America allows people to disagree
I want to thank the caller for the statement of cherry picking Trey Hollingsworth’s voting record in the Jan. 12 issue, for it reveals an attitude that seems common in recent years; it is as if one who is critiquing or expressing one’s thoughts about a matter is interrupted that they are totally against everything of that person. It’s like “all or nothing” game. Or, one is put on one side or the other and that’s that.
I believe each individual has the right to express, and, yes, even choose those issues that are important. I have confidence that I may agree to some aspects/issues and not others. To do such does not breach one’s integrity; it supports the search for truth.
I was brought up believing there are many aspects of life and that no one is totally right nor totally wrong. (Such as with discussions with my husband; we don’t always agree. He may bring views and concerns to the table I have never thought about, which I contemplate and, then, may or may not understand or agree. He gives me a different perspective many times. I do not consider it offensive or degrading. I just believe that he believes that and that’s OK.)
The few legislative bills I described in the newspaper are issues that are important to me (there are many more), that I feel need to be brought to the attention of many, especially those that may not have the time or the means to know of these things.
There are bills that I agree with Trey Hollingworth, but there are many more that do not represent that which are important to me. Does that make me right and him wrong? Of course, not. It just means I have different priorities than he does, but how would he ever know that these different priorities are among his constituents unless they give voice to it? Especially if he is surrounded by head bobbers, some of whom may agree with him, some who may not care or some who may be afraid not to agree. Does that mean they are ignorant, and I’m not? No.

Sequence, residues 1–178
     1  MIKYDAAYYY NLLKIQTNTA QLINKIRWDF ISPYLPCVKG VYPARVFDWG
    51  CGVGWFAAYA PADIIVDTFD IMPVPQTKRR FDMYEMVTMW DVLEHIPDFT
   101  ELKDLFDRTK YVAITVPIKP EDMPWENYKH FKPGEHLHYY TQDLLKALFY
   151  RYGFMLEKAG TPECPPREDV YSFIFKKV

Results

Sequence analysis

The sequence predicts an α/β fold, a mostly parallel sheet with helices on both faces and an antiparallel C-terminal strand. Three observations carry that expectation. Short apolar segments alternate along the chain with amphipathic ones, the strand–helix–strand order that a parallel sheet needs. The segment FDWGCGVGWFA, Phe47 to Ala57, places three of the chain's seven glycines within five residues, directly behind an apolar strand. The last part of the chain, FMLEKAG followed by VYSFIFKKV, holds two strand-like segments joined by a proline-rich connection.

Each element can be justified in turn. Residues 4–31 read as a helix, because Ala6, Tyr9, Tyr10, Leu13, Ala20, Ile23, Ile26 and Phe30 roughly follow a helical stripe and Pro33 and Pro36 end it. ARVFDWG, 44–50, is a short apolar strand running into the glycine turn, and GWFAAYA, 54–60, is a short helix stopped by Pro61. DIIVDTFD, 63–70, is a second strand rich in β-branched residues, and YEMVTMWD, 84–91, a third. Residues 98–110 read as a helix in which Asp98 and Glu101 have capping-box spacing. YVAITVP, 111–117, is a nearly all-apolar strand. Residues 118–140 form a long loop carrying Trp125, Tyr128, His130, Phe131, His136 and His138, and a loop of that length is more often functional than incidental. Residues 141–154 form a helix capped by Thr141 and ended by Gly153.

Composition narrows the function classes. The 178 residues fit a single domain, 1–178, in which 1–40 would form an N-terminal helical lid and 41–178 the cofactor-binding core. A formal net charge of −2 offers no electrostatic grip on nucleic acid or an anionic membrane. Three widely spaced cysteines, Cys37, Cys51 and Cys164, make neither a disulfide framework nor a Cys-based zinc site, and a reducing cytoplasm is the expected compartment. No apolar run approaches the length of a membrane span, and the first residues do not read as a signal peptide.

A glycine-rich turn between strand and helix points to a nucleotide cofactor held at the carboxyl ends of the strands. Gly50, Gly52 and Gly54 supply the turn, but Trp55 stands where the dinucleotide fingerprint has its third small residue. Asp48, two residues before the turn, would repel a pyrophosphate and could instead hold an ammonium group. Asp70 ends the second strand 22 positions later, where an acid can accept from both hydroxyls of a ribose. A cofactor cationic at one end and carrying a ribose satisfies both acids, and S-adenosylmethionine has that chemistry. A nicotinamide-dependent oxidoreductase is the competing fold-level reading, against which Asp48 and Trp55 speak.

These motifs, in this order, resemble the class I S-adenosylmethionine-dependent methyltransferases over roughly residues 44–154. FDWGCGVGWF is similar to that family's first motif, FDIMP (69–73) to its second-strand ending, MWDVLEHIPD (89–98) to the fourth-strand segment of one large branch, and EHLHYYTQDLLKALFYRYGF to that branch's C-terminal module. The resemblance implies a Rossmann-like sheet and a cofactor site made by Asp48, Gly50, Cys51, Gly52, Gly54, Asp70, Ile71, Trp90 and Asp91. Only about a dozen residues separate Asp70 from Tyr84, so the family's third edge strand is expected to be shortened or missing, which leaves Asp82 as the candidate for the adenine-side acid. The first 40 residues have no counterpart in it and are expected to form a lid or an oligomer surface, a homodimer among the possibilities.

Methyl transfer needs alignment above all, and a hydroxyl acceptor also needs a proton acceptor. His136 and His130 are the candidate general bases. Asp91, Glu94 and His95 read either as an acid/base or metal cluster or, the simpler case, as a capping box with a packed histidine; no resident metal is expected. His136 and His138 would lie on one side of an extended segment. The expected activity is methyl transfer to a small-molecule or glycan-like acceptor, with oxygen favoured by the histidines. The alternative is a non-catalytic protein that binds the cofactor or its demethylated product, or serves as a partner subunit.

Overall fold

It is best stated by Karl Popper: “True ignorance is not the absence of knowledge, but refusal to acquire it.” So, whoever speaks, seeks the wisdom or truth or knowledge that my be contained within it. Always be merciful and loving enough to provide the dignity to the person to be heard. We all have feelings and thoughts that are important to us. Let’s keep the dialogue going, for we cannot and should not polarize ourselves and our community. We are a people worth listening to.
This is a great country that allows us to “cherry pick,” apple pick, bean pick and any kind of “picken” that is close to one’s heart and conscious. Let us realize and respect others that have that same freedom to pick. All our “pickens” help America be the wonderful, bountiful and inspirational place that it is.